The Australian Competition and Consumer Commission has filed proceedings in the Federal Court against Australian Power & Gas Company Ltd (APG) in relation to its door-to-door selling practices.

The ACCC is alleging that APG, through the conduct of certain sales representatives acting on its behalf, made false or misleading representations while calling on consumers at their homes for the purpose of negotiating agreements for the supply of retail electricity and/or gas by APG.  The alleged conduct occurred across Queensland, New South Wales and Victoria between January and October 2011.

The ACCC also alleges that APG engaged in unconscionable conduct involving a consumer from a non-English speaking background with very limited English reading/writing skills. 

“These are the fourth proceedings that the ACCC has instituted as part of its focus on door-to-door selling practices in the energy industry, and the first to include an allegation of unconscionable conduct,” ACCC Chairman Rod Sims said.

“Businesses who use door-to-door marketing must ensure their practices meet the requirements of the Australian Consumer Law. The ACCC will not hesitate to take action to protect consumers in their homes from misleading and unconscionable conduct, particularly where the conduct affects disadvantaged or vulnerable consumers.”

The ACCC alleges that sales representatives acting on behalf of APG made false or misleading representations including that:

  • APG had approval from, or was affiliated with, the consumer’s current energy retailer or distributor;
  • APG had approval from, or was affiliated with, government; and
  • the consumer could receive a certain discount off their energy bill by agreeing to receive supply of retail energy from APG, when APG did not offer such a discount.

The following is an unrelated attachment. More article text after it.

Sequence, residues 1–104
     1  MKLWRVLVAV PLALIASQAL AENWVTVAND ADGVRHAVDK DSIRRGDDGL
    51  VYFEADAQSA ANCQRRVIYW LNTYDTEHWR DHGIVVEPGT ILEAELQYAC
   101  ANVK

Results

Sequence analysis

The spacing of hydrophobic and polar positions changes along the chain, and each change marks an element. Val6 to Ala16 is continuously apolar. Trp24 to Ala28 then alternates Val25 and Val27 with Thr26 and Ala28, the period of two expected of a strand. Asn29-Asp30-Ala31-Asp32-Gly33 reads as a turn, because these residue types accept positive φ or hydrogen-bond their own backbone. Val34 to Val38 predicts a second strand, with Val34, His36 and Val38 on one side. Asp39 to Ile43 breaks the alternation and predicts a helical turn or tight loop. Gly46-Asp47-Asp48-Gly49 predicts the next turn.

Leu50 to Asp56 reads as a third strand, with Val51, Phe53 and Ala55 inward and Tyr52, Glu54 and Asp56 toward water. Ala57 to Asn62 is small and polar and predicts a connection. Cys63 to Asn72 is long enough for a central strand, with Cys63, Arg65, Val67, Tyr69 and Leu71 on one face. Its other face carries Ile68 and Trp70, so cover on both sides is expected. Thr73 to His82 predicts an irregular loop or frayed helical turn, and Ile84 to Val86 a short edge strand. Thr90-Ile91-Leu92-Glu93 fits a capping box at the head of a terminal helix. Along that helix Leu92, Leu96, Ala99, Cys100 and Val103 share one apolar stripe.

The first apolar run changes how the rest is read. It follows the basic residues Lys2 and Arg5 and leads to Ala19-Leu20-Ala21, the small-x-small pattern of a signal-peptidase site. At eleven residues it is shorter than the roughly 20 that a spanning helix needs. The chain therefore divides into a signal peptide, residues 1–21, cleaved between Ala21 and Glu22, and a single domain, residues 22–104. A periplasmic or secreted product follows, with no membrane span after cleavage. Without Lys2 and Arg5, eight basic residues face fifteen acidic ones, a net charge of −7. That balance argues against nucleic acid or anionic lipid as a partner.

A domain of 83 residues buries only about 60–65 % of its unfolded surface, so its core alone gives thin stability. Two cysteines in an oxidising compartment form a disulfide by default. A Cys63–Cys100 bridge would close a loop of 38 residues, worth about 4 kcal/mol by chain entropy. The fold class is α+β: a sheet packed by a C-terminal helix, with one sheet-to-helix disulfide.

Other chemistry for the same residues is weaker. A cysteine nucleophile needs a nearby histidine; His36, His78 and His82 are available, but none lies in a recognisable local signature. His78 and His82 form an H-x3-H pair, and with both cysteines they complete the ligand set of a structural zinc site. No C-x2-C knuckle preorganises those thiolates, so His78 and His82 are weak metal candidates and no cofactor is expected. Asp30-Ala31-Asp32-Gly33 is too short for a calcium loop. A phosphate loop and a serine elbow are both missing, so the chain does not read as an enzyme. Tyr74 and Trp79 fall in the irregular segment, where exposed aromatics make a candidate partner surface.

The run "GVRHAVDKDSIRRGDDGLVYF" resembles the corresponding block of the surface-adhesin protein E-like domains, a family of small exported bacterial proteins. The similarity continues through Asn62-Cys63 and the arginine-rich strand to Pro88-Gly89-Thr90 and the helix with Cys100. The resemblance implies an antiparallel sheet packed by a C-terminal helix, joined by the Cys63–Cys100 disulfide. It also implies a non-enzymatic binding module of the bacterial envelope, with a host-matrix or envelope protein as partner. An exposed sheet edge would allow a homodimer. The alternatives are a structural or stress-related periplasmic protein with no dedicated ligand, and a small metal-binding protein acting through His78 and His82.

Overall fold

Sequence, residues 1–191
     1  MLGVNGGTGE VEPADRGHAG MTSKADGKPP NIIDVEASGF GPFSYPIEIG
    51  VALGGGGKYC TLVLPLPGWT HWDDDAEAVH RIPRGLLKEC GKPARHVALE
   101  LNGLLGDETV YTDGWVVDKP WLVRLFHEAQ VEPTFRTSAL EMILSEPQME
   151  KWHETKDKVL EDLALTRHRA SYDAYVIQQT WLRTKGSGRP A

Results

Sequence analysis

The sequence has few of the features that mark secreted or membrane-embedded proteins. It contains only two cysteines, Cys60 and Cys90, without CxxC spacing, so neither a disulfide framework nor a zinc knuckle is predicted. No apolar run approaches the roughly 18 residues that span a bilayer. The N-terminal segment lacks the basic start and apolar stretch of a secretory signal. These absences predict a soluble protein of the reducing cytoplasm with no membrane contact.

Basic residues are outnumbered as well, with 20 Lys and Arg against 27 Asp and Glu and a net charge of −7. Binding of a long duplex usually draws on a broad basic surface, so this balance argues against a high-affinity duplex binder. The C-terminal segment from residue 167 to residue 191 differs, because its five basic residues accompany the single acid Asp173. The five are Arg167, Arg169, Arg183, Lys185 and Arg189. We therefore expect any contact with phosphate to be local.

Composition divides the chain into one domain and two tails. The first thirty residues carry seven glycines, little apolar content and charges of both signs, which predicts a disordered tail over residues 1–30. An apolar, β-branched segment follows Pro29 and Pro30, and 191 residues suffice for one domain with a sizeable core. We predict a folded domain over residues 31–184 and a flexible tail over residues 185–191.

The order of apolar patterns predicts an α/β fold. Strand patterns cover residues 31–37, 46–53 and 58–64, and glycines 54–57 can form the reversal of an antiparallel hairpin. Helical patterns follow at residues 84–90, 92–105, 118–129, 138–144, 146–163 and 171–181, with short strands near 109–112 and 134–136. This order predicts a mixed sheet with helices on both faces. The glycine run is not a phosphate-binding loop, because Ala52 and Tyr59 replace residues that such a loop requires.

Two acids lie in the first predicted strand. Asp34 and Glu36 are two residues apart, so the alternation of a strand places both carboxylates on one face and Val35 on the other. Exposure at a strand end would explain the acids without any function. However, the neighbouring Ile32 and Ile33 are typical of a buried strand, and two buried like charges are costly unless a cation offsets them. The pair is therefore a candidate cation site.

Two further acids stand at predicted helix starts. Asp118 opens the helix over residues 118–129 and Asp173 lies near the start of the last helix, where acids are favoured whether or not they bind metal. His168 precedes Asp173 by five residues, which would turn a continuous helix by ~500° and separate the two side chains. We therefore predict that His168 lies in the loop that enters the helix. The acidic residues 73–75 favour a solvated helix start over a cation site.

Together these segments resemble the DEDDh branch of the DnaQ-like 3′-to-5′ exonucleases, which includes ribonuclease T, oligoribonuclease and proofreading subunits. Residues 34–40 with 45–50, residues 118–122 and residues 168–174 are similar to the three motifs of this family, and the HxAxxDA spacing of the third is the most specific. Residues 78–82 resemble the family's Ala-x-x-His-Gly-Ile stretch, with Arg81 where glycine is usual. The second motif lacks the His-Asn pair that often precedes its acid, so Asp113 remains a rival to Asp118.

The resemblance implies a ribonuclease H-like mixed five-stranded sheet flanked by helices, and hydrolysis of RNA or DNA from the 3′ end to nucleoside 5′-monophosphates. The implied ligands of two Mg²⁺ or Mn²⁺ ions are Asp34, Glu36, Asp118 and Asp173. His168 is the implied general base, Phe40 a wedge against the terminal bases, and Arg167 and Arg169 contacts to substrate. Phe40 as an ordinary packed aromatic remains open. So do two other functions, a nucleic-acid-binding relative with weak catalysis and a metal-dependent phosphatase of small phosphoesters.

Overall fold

The ACCC also alleges that APG breached various Unsolicited Consumer Agreement provisions of the Australian Consumer Law, which are designed to protect the rights of consumers in door-to-door transactions.  These alleged breaches include that the sales representatives:

  • failed to clearly advise the consumers that their purpose was to seek the consumer’s agreement to a supply of retail electricity and/or gas by APG;
  • failed to advise the consumers that the representatives were obliged to leave the premises immediately on request; and
  • failed to provide information relating to their identity.

The ACCC is seeking:

  • declarations
  • pecuniary penalties
  • an order for corrective newspaper and website notices
  • an order for APG to establish and implement a compliance program, and
  • costs.

The matter has been filed in the Federal Court in Brisbane. The first directions hearing is listed for 18 October 2013.


In May 2013, AGL Sales Pty Ltd and AGL South Australia Pty Ltd were ordered to pay penalties totalling $1.55 million by consent for false and misleading representations and breaches of the unsolicited consumer agreements provisions.  Marketing company CPM Australia Pty Ltd was ordered to pay $200,000 for its role in the conduct.

In March 2013, the ACCC instituted proceedings against EnergyAustralia Pty Ltd (formerly TRUenergy Pty Ltd) and four marketing and sales companies engaged by EnergyAustralia in relation to alleged false and misleading conduct during their door-to-door selling practices. These proceedings are continuing.

In September 2012, the Federal Court ordered Neighbourhood Energy and its former marketing company Australian Green Credits Pty Ltd to pay total penalties of $1 million by consent for illegal door-to-door selling practices.

The ACCC’s guide for consumers Knock! Knock! Who's There? provides information about consumer rights, including asking a sales person to leave which they must do when asked, or asking for time to consider the offer. The ACCC has produced a ‘Do Not Knock’ sticker to help consumers avoid unwanted door-to-door selling.